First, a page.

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Getting into the habit of learning a language If you’ve been trying to become fluent but feel you lack willpower, this post is for you. With six easy tips, I set out how to turn language study into an easy habit. Buy Post-it notes Post-it notes are essential for acting as your cue. How about an example? Okay, I’ll let you in on how I use them. Be specific about when you will do something With your new Post-it notes, you are going to be exact about what day and time you will carry out your new habit. So, on your note, you could write: “Every morning at 7 am I will learn ten new words”. This instructs your subconscious mind to follow through. Add your new habit to an everyday habit Each morning I have to go into my wardrobe for my clothes. So on the wardrobe door, I placed a Post-it note reminding me of how many press-ups I needed to do. This is what habit specialists call a cue. An item that reminds you of the habit you don’t want to miss. Take your time with any new habit Treat your habit as an ongoing everyday activity, not as something you will stop once you get an award. Don’t punish yourself for setbacks Do not try to make up for a missed day by doing twice as much study as usual. Stick to two hours of revision, not four. If you don’t, your subconscious will begin to associate your language routine with torture, and you will quit before you know it. Factor in a reward Long term goals will not yield immediate rewards. This puts a lot of people off, particularly those looking for a certificate to showcase their achievement. Always factor in a reward that will come sooner rather than later. On days when I don't run, I reward myself by reading fiction and drinking coffee. Conclusion If you’d like to know more about the subconscious, please check out my LinkedIn article on the topic (https://www.linkedin.com/pulse/how-program-your-subconscious-success-mark-jones/). You can also download a PDF copy of the article on my website: www.markjonesmarketing.com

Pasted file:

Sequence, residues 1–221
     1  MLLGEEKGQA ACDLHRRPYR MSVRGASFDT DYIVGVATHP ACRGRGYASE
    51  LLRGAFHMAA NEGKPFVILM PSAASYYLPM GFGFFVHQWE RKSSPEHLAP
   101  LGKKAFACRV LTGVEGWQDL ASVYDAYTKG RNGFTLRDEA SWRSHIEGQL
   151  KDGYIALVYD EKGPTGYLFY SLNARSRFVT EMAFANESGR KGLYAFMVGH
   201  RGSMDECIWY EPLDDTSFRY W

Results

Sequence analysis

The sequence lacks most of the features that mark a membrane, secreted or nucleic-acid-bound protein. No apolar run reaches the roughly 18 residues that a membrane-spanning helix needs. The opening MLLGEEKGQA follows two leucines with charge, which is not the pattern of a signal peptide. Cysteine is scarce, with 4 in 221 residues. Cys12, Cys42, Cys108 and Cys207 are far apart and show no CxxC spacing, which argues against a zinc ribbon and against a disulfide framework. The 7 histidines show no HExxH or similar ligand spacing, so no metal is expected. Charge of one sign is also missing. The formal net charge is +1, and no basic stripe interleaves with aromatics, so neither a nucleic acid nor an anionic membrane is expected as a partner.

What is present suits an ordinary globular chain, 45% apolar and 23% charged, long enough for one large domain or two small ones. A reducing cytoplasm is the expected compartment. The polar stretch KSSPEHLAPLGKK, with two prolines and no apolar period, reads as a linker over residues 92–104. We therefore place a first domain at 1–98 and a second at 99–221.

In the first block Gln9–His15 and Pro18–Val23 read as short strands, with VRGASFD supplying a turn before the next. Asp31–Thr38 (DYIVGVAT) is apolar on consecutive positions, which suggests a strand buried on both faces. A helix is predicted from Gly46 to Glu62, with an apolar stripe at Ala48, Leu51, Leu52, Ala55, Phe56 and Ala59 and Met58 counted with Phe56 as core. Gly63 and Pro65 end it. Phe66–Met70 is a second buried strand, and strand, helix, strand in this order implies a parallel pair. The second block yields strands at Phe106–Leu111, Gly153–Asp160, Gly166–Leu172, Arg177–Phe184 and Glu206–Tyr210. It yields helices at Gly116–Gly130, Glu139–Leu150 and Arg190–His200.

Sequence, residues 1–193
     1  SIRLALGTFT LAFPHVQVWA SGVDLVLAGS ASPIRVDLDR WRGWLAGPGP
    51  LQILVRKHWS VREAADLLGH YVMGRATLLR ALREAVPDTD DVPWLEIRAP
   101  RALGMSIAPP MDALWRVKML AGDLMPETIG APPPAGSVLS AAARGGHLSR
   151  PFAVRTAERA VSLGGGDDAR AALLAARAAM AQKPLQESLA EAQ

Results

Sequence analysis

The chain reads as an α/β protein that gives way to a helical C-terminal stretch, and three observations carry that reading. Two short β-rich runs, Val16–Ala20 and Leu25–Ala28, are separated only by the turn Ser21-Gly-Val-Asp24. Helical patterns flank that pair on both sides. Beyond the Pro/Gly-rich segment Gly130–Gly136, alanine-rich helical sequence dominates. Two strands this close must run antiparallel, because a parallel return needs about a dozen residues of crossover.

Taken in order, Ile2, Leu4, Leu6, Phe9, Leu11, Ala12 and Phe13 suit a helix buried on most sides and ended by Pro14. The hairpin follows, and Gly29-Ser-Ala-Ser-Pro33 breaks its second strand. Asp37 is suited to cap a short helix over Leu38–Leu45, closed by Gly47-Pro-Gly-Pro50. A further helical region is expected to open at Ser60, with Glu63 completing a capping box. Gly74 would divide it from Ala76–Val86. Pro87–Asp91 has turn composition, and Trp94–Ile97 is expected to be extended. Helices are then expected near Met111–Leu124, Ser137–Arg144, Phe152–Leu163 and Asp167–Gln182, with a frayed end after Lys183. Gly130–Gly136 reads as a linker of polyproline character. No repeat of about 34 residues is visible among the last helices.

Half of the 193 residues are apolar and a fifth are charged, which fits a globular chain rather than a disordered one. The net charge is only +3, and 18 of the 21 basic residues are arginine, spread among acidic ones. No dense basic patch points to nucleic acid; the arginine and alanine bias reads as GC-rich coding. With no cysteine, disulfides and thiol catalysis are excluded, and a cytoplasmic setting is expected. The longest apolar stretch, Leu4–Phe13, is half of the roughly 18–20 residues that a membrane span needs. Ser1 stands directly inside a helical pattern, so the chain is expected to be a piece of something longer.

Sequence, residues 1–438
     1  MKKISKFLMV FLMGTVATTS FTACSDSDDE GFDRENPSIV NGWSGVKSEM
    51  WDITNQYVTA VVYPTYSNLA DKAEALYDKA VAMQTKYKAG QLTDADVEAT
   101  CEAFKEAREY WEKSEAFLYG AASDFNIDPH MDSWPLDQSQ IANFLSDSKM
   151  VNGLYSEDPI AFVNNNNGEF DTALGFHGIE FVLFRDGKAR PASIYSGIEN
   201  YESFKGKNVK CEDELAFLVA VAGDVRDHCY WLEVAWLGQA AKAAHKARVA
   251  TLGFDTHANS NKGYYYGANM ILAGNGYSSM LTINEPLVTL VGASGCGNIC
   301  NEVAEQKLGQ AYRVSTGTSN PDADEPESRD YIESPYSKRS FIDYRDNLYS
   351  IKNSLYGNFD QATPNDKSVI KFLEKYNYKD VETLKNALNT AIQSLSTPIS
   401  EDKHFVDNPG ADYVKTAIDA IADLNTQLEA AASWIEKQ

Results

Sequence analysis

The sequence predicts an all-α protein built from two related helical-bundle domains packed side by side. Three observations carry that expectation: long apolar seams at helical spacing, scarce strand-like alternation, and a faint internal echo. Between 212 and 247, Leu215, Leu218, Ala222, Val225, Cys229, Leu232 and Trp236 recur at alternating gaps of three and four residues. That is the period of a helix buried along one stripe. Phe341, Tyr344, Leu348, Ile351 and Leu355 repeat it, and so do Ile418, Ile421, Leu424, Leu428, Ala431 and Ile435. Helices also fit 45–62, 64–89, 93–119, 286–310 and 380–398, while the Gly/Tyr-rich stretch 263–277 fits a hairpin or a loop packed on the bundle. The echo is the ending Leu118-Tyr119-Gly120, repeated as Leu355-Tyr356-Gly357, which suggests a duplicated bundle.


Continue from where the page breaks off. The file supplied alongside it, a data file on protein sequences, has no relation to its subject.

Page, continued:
Jun 3, 2021 2:22 PM